There are very few places for investors to hide in a market in which both property values and equity prices are volatile. The question, a perennial one, is which asset class has the potential to generate the greatest return while rising interest rates are still on central banks’ agendas.
Soaring interest rates are to asset prices what gravity is to the apple: they bring everything down, says Contrarian Group independent financial adviser Damian Liddell.
“It’s a pretty lousy time for investors, really. I’d be treading very carefully right now if I was looking to invest in either shares or property. Both are highly correlated to interest rates. I don’t think asset prices are going to go up any time soon. If anything, they are going down,” he says.
Liddell says investors should watch for a pause in interest rates as a sign markets are stabilising. Although that can also be a sign of more pain in markets ahead.
“History suggests even when we finally have our first rate cut, that’s when the share market starts to fall away. In the meantime, most people have to eke out some sort of return. So, it’s what you do with your money in the meantime that’s the big question.”
Stockspot CEO Chris Brycki says nobody knows how different asset classes will perform in the future. Consequently, for the best chance of investing success, the best strategy is to allocate funds to different assets that counterbalance each other.
“Think of the different assets in your portfolio like a FIFA world cup team. Shares are the attacking strikers, bonds are the defensive players and gold is your goalkeeper. You own shares to earn higher returns. Over long periods, shares have generated a higher return than other assets like bonds, cash or even property.”
He recommends owning a diversified mix of shares that includes Australian shares, international shares, emerging market shares as well as exposure to bonds and gold.
“lack of diversification is the main risk of owning shares. If you only own a handful of companies, you risk getting wiped out during periods of market volatility or in a recession, when many companies don’t survive. By spreading your money across different industries and countries, you can protect against this and allow yourself to earn the long-term return of the share market.”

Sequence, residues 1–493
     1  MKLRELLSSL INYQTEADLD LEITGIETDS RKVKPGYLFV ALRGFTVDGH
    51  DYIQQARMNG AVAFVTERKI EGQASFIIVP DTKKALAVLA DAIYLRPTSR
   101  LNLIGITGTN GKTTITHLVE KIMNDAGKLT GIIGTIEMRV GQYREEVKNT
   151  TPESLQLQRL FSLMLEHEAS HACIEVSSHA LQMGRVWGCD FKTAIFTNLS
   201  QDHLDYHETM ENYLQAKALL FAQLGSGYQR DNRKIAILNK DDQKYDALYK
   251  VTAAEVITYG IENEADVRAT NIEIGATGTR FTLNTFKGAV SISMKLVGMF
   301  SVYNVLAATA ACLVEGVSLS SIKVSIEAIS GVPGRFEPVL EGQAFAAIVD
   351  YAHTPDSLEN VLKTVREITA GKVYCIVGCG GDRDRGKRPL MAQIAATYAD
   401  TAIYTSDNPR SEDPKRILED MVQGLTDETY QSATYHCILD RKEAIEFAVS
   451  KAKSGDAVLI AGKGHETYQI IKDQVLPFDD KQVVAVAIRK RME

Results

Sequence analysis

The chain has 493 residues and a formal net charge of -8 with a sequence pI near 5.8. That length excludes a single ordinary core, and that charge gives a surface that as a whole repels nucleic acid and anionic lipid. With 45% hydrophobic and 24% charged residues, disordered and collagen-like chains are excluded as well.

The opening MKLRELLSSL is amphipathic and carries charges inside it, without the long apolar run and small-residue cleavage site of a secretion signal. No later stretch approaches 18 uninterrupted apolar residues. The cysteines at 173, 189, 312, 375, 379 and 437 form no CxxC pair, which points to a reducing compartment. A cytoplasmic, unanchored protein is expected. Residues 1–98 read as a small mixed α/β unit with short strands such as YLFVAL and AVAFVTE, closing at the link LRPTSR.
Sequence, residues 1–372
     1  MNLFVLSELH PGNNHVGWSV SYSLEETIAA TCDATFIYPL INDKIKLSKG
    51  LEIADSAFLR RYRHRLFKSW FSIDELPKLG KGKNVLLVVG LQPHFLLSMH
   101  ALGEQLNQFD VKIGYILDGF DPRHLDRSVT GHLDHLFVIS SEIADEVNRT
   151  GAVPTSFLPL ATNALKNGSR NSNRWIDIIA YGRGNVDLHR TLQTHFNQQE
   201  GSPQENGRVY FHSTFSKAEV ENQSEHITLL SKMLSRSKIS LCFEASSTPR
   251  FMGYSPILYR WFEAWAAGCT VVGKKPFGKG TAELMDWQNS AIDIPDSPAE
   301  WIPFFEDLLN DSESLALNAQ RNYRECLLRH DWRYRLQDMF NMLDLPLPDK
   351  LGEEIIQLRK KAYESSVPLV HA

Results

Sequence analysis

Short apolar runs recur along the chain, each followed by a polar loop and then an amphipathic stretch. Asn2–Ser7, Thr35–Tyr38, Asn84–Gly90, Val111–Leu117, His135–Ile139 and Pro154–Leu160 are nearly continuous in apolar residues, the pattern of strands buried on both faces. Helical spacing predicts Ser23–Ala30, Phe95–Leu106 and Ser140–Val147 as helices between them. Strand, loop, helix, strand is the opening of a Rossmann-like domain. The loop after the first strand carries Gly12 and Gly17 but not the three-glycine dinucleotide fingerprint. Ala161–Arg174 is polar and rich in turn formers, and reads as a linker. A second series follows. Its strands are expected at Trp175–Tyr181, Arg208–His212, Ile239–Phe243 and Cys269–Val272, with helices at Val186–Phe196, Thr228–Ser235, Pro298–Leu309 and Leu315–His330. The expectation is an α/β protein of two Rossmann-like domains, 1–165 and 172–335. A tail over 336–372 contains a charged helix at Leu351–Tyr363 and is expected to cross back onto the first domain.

Given property and share markets have fallen this year, some investors are trying to figure out whether now’s the time to pick up some bargains before the cycle turns upwards again. Although it’s almost impossible to pick the top and bottom of a market cycle, there are some signs investors can take into account when making investment decisions about market cycles.
For instance, Alex Jamieson, founder of A J Financial Planning, says at the moment the market is pricing in interest rates to peak around the middle of next year. This has implications for property investors.
“The property market is heavily influenced by moves in the RBA cash rate. I believe in the first quarter of 2023, some high-quality investment opportunities should open up in the property sector, with more stock available and distressed sellers coming into the market.”
When it comes to shares, Jamieson says there’s the potential for the market to fall by 15 per cent next year if a serious recession eventuates. “Although, at the moment the market is pricing in a mild recession, which appears to be in line with economic data. The opportunity may be to pick up higher-yielding, blue-chip companies while share prices are low.”
Current market conditions are only one variable investors should take into account. Proximity to retirement is an important factor to consider when selecting asset classes.